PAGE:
FLORHAM PARK, N.J. -- A year ago, New York Jets tackle Mekhi Becton was so high on his new right-hand man, guard Alijah Vera-Tucker, that he retweeted a photo of them on the practice field, predicting, "JORDAN AND PIPPEN!!! Mark my words!!!"
Becton's right-hand man is now his left-hand man. The Jets flipped their offensive line, moving Becton and Vera-Tucker -- drafted 11th (2020) and 14th (2021), respectively -- to the right side.
This isn't how general manager Joe Douglas drew it up when he vowed in 2020 to build a dominant offensive line, but the Jets remain bullish on the unit after the big changes.
"Personally, I'm excited about the right side," coach Robert Saleh said. "You have a couple of potential All-Pros, in my opinion. They are two fantastic young players. Then you've got two veterans on the other side (George Fant and Laken Tomlinson). It's a cool combination and a cool group."
Saleh likes Fant so much at left tackle, where he took over in Week 2 following Becton's season-ending knee injury, that he was willing to uproot the 6-foot-7, 363-pound (or thereabouts) Becton. The Jets drafted him to be their long-term left tackle (after signing Fant, by the way), just like they drafted Vera-Tucker to be a fixture at left guard (they moved him to accommodate Tomlinson).
On paper, the offensive line has a lot of potential, but so much hinges on Vera-Tucker and Becton settling into their new spots. Before the first practice on Wednesday, when the Becton move was announced, he leaned over to Vera-Tucker and said, "Same stuff, different side."
Well, it's a little more complicated than that. Former Jets left tackle Kelvin Beachum, entering his third season as the Arizona Cardinals' starting right tackle, knows the position change as well as anyone.
"I think the biggest transition is your stance, eyes and hand placement," he told ESPN. "I'm going into Year 3 of the switch, but when you have played a position for eight, nine years, there are some motor patterns that have to be reworked. If you're a pro, you will figure it out."
Becton and Vera-Tucker, both 23, aren't old enough to be stuck in their ways, which factored into the team's decision to move them and leave Fant and Tomlinson in their spots.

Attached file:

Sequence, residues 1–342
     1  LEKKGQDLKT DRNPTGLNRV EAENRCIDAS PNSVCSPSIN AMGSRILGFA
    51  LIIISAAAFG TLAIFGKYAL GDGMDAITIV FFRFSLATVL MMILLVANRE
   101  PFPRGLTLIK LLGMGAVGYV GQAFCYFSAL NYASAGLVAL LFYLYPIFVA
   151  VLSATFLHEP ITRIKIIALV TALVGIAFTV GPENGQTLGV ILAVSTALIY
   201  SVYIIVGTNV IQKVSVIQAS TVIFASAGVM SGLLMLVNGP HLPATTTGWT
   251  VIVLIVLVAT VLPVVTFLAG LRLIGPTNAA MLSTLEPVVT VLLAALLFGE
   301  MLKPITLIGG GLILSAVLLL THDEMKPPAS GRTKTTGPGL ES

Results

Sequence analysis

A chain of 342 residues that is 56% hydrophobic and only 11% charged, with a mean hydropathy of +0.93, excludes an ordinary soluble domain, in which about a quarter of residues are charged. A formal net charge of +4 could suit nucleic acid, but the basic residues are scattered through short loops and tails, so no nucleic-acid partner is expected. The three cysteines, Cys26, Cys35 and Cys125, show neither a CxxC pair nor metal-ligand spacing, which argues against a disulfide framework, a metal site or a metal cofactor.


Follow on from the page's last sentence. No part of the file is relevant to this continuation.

Becton said he embraces the change, also acknowledging he must "change my technique up" and that it's "a work in progress." He needs to adapt quickly because the Jets face a formidable slate of pass-rushers that typically rush on Becton's side. The list includes T.J. Watt (Pittsburgh Steelers), Trey Hendrickson (Cincinnati Bengals), Von Miller (Buffalo Bills) and Matthew Judon (New England Patriots).
The Jets face superstar Myles Garrett (Cleveland Browns) in Week 2, but he usually rushes from the left-tackle side. Until recently, teams always put their best pass-rusher at right defensive end, but the trend has changed. Saleh said gifted pass-rushers are coming from every direction.
"So having two bookends like we do, we're very fortunate," he said.
The team expects Vera-Tucker and Becton, both with good movement skills, to thrive as run-blockers. You need nimble linemen in a zone scheme so they can cut off angles and get to the second level, taking on linebackers.
The Jets weren't a consistent rushing team last season, but they actually ran well to the inside right and outside right. They averaged 4.7 yards per carry in those directions (eighth in the NFL), according to Next Gen Stats. The linemen on that side (tackle Morgan Moses and guards Greg Van Roten and Laurent Duvernay-Tardif) weren't retained.
The bigger problem was the left side (Fant and Vera-Tucker), as they averaged only 4.3 per rush (22nd) on plays to that side. That's a big reason why they signed Tomlinson to a three-year, $40 million contract in free agency. He's regarded as one of the best guards in the league.
The man in the middle, overshadowed by the high draft picks and expensive free agents, is center Connor McGovern. His job is to galvanize the group. He likes having Tomlinson and Vera-Tucker at his side.
"They are truly the definition of dominating, physical guys," McGovern said. "If you went into a lab and wanted to build guards, that's what you're building on both sides. I'm definitely one of the luckiest centers in the league to have two guards like that."